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Association of Sentinel Lymph Node Biopsy With Survival for Head and Neck Melanoma

Association of Sentinel Lymph Node Biopsy With Survival for Head and Neck Melanoma ImportanceSentinel lymph node biopsy (SLNB) provides prognostic information for melanoma; however, a survival benefit has not been demonstrated. ObjectiveTo assess the association of SLNB with survival for melanoma arising in head and neck subsites (HNM). Design, Setting, and ParticipantsPropensity score–matched retrospective cohort study using the Surveillance Epidemiology and End Results (SEER) database to compare US patients with HNM meeting current recommendations for SLNB, treated from 2004 to 2011 with either (1) SLNB with or without neck dissection, or (2) no SLNB or neck dissection. InterventionsSLNB with or without neck dissection. Main Outcomes and MeasuresDisease-specific survival (DSS) estimates based on the Kaplan-Meier method, and Cox proportional hazards modeling to compare survival outcomes between matched pair cohorts. ResultsA total of 7266 patients with HNM meeting study criteria were identified from the SEER database. Matching of treatment cohorts was performed using propensity scores modeled on 10 covariates known to be associated with SLNB treatment or melanoma survival. Cohorts were stratified by tumor thickness (thin, >0.75-1.00 mm Breslow thickness; intermediate, >1.00-4.00 mm; and thick, >4.00 mm) and exactly matched within 5 age categories. In the intermediate-thickness cohort, 2808 patients with HNM were matched and balanced by propensity score for SLNB treatment; the 5-year DSS estimate for those treated by SLNB was 89% vs 88% for nodal observation (log-rank P = .30). The hazard ratio for melanoma-specific death was 0.87 for those undergoing SLNB (95% CI, 0.66-1.14; P = .31). In each of the other cohorts analyzed, including those with thin and thick melanomas, and cohorts with melanoma overall, no significant difference in DSS was demonstrated. Conclusions and RelevanceThis SEER cohort analysis demonstrates no significant association between SLNB and improved disease-specific survival for patients with HNM. http://www.deepdyve.com/assets/images/DeepDyve-Logo-lg.png JAMA Otolaryngology - Head & Neck Surgery American Medical Association

Association of Sentinel Lymph Node Biopsy With Survival for Head and Neck Melanoma

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Publisher
American Medical Association
Copyright
Copyright 2014 American Medical Association. All Rights Reserved. Applicable FARS/DFARS Restrictions Apply to Government Use.
ISSN
2168-6181
eISSN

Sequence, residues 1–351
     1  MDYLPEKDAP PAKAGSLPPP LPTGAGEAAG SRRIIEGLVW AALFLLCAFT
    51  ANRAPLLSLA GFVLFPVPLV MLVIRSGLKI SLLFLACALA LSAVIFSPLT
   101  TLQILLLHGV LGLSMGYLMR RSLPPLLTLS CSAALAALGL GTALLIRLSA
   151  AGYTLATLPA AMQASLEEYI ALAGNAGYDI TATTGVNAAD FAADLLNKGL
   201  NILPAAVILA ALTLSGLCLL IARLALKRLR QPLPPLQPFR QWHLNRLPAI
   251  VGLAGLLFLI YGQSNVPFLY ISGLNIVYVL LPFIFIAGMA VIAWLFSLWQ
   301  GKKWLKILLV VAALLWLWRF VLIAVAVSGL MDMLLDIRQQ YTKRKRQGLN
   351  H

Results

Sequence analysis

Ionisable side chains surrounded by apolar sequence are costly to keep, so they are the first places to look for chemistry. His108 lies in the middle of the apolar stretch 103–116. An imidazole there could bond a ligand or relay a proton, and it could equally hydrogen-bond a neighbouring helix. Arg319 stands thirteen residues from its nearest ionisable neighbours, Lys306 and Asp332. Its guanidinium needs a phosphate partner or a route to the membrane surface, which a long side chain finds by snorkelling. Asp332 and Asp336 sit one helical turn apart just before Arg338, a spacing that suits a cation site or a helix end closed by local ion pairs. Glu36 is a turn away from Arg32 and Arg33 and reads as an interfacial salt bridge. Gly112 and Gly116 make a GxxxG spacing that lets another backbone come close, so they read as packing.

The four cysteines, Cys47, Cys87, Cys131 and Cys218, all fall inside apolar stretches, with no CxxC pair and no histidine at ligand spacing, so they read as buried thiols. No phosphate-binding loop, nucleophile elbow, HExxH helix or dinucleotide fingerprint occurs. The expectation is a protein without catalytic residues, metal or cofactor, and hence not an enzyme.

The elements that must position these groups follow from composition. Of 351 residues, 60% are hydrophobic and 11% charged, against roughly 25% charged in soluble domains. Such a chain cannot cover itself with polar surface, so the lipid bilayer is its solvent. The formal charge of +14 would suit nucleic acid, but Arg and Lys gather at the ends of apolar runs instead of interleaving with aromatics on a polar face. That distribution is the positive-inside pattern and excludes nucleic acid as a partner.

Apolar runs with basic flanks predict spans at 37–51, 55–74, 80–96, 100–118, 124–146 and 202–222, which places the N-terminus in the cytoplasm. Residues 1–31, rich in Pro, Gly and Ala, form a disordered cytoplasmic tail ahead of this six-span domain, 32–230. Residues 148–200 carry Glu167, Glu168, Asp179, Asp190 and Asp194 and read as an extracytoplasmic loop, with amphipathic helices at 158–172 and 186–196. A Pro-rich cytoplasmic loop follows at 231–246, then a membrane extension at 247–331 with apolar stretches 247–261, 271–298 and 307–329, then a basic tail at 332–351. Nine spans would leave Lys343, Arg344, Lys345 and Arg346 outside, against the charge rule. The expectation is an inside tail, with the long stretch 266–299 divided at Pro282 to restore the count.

2168-619X
DOI
10.1001/jamaoto.2014.2530
pmid
25321889
Publisher site
See Article on Publisher Site

Abstract

ImportanceSentinel lymph node biopsy (SLNB) provides prognostic information for melanoma; however, a survival benefit has not been demonstrated. ObjectiveTo assess the association of SLNB with survival for melanoma arising in head and neck subsites (HNM). Design, Setting, and ParticipantsPropensity score–matched retrospective cohort study using the Surveillance Epidemiology and End Results (SEER) database to compare US patients with HNM meeting current recommendations for SLNB, treated from 2004 to 2011 with either (1) SLNB with or without neck dissection, or (2) no SLNB or neck dissection. InterventionsSLNB with or without neck dissection. Main Outcomes and MeasuresDisease-specific survival (DSS) estimates based on the Kaplan-Meier method, and Cox proportional hazards modeling to compare survival outcomes between matched pair cohorts. ResultsA total of 7266 patients with HNM meeting study criteria were identified from the SEER database. Matching of treatment cohorts was performed using propensity scores modeled on 10 covariates known to be associated with SLNB treatment or melanoma survival. Cohorts were stratified by tumor thickness (thin, >0.75-1.00 mm Breslow thickness; intermediate, >1.00-4.00 mm; and thick, >4.00 mm) and exactly matched within 5 age categories. In the intermediate-thickness cohort, 2808 patients with HNM were matched and balanced by propensity score for SLNB treatment; the 5-year DSS estimate for those treated by SLNB was 89% vs 88% for nodal observation (log-rank P = .30). The hazard ratio for melanoma-specific death was 0.87 for those undergoing SLNB (95% CI, 0.66-1.14; P = .31). In each of the other cohorts analyzed, including those with thin and thick melanomas, and cohorts with melanoma overall, no significant difference in DSS was demonstrated. Conclusions and RelevanceThis SEER cohort analysis demonstrates no significant association between SLNB and improved disease-specific survival for patients with HNM.

Journal

JAMA Otolaryngology - Head & Neck SurgeryAmerican Medical Association

Published: Dec 1, 2014

References